Seattle's Child

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‘The Amazing Maurice’: enthralling, fable-based animated classic in the making

A mischievous cat and a boy with a plan

Cut to the chase: Brimming with Terry Pratchett’s signature irreverence and dark humor, “The Amazing Maurice” is an enthralling, fable-based animated classic in the making. Viewer be warned, however; children too young or immature may find the situations uncomfortably adult.

Based on the 2001 novel by Terry Pratchett which itself is a loose adaptation of the German fairy tale about the Pied Piper of Hamelin, “The Amazing Maurice” is a spectacular reimagining of folklore that has haunted generations of children. According to the legend, the Pied Piper would visit a village infested by the Bubonic plague and rid the townsfolk of the disease-carrying vermin by playing a hypnotic song on his magic pipe.

Maurice is a cat that works with Keith to hoodwink the public for money.

Pratchett has taken that ancient story and thrown in irony, sarcasm and plenty of tomfoolery, making disease, famine and ignorance a raucous, unforgettable time. Maurice (Hugh Laurie), a sentient orange cat, partners with a young man named Keith (Himesh Patel) and a squadron of talking mice for a ghastly racketeering scheme: the boy poses as the Pied Piper, performing faux rat exorcisms in exchange for money.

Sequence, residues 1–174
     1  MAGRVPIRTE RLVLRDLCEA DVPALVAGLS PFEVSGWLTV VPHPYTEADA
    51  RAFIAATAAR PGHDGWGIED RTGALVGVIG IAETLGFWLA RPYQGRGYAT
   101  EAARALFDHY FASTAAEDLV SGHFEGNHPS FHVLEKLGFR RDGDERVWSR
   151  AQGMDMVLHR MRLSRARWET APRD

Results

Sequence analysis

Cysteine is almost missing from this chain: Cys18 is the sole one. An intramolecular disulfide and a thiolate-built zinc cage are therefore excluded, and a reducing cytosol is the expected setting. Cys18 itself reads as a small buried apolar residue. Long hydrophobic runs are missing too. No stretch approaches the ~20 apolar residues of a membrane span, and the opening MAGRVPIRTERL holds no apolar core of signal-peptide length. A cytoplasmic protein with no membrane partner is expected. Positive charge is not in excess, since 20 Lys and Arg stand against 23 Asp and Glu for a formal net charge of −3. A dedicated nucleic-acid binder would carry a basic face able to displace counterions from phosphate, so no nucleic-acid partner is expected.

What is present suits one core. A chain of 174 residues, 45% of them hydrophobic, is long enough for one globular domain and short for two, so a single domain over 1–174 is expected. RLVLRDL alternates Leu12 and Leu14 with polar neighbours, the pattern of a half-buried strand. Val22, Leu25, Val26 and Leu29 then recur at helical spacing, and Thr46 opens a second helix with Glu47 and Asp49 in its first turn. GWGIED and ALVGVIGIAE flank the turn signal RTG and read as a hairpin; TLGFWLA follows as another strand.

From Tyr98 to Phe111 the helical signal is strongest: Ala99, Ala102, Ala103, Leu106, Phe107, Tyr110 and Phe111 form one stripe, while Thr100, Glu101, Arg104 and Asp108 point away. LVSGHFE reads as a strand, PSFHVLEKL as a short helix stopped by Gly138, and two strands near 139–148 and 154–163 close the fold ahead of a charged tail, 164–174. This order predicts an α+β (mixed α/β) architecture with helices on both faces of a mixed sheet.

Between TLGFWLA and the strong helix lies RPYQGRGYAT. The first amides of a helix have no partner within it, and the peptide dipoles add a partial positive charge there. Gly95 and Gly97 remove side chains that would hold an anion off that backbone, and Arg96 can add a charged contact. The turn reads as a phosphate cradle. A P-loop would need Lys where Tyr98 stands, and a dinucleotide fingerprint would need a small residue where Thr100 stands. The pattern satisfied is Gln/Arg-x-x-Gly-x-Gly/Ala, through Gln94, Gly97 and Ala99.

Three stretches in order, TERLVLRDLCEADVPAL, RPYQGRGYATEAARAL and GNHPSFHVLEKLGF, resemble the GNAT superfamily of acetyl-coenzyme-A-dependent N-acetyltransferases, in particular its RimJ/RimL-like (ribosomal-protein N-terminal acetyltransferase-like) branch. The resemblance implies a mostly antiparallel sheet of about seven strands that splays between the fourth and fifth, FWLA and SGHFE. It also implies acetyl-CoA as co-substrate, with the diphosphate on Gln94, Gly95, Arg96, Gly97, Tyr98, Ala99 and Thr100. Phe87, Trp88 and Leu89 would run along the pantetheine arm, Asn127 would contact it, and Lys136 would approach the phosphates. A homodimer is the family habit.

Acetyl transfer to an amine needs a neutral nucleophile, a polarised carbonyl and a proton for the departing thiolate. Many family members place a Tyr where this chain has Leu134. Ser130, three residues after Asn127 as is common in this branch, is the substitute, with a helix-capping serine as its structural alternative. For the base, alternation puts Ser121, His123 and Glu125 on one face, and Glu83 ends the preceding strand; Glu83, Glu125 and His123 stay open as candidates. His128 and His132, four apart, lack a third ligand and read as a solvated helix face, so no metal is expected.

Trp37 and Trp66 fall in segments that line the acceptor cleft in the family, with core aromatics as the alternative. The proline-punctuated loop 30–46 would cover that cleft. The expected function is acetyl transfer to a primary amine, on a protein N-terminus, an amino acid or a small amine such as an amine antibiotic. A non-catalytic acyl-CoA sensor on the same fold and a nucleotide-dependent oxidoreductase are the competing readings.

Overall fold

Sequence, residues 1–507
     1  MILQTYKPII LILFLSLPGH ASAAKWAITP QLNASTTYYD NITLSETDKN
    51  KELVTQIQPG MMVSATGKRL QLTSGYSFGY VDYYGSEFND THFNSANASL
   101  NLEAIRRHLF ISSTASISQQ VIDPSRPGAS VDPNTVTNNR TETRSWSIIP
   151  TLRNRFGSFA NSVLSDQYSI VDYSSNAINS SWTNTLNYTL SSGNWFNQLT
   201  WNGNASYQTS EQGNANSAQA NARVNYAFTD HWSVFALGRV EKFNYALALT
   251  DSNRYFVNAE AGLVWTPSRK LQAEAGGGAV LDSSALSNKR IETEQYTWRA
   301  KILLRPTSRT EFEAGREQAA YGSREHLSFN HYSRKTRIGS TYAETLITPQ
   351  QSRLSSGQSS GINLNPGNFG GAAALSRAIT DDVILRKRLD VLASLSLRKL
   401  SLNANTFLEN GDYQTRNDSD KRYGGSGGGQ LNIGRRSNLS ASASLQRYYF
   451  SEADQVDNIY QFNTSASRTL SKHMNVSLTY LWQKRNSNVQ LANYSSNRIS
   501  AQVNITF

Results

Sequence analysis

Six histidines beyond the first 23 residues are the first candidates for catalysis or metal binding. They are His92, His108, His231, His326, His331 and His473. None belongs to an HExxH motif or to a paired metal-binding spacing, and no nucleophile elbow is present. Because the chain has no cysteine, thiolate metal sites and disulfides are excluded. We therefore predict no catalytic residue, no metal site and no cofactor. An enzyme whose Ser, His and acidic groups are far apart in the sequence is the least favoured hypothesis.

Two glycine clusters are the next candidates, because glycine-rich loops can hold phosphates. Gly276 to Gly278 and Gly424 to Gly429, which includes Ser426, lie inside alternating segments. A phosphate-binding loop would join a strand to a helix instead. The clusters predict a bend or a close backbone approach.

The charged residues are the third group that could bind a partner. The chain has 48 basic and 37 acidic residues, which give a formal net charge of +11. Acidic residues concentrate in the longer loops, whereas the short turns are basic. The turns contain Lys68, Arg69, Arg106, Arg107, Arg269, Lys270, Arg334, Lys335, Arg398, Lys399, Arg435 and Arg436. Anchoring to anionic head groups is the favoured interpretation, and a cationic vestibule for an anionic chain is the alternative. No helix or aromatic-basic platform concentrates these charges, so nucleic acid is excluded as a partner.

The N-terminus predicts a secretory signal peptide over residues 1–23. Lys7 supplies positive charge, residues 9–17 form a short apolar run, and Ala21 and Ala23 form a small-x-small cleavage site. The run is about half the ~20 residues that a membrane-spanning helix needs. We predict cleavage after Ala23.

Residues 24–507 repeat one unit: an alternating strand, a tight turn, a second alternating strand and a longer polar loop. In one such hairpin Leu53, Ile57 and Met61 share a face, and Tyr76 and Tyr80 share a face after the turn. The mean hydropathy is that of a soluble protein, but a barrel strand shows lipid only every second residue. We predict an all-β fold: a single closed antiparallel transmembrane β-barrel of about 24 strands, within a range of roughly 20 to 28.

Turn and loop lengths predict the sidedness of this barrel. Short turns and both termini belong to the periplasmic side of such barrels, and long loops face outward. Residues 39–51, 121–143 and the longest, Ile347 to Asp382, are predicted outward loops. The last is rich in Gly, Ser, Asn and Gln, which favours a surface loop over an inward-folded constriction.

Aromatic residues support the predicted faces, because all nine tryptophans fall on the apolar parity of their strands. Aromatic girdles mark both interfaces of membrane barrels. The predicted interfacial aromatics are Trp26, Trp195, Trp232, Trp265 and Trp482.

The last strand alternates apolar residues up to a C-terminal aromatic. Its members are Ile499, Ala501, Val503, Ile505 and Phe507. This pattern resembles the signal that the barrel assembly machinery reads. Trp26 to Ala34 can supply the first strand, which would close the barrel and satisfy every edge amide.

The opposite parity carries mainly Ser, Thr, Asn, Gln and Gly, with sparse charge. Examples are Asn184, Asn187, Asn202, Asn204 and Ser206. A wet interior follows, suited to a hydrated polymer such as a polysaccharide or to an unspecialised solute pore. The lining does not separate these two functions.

The film’s gallows humor doesn’t end there. Keith, Maurice and vermin crew stumble into a town where the townsfolk are on the brink of starvation as their food has mysteriously gone missing. Malicia (Emilia Clarke), the mayor’s daughter and our cheeky narrator, joins the party as they battle something just as terrifying as a deadly disease. A Rat King (David Thewlis) is commandeering the town, and Maurice must use his skills as a sharp-witted feline to defeat the monster and, for once, earn his keep.

The Amazing Maurice is filled with dark humor.

Like most of Pratchett’s work, “The Amazing Maurice” is meant for older children with a penchant for dark comedy and gothic interests. Screenwriter Terry Rossio tells the story with smart, poignant framework, a plot that flows effortlessly and plenty of comedy to appease adults and kids alike. This isn’t a grand epic or a film that traverses as far as outer space, but the medieval setting it does tackle is rich enough for full immersion and complex enough for an undoubtedly amazing, smart aleck cat to shine.


MPAA Rating: PG for action/peril and some rude material

Recommended Age: 8+

Nightmare Inducers: The Rat King, a shadowy figure made of zombie critters, is a terrifying villain that threatens to scar those too young, but the Pied Piper is a much more insidiously fearsome foe whose sugar-coated front may be the thing that leave older viewers shaken.

Difficult Concepts or Emotions: The film might encourage conversations on dark material like the Bubonic plague, death, laxatives (yes, laxatives are the punchline of a joke) and monopolizing on others’ hardship for monetary gain.


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About the Author

Candice McMillan

Candice McMillan has been writing about film for more than 10 years. Since becoming a mom to her two daughters, she’s had to hang up her affinity for horror films, catering to the two smallest critics who prefer shows about rescue dogs and a family of pigs. Candice has degrees in journalism and film critical studies from USC, and her favorite children’s film is a toss-up between “Anastasia” and “A Goofy Movie.”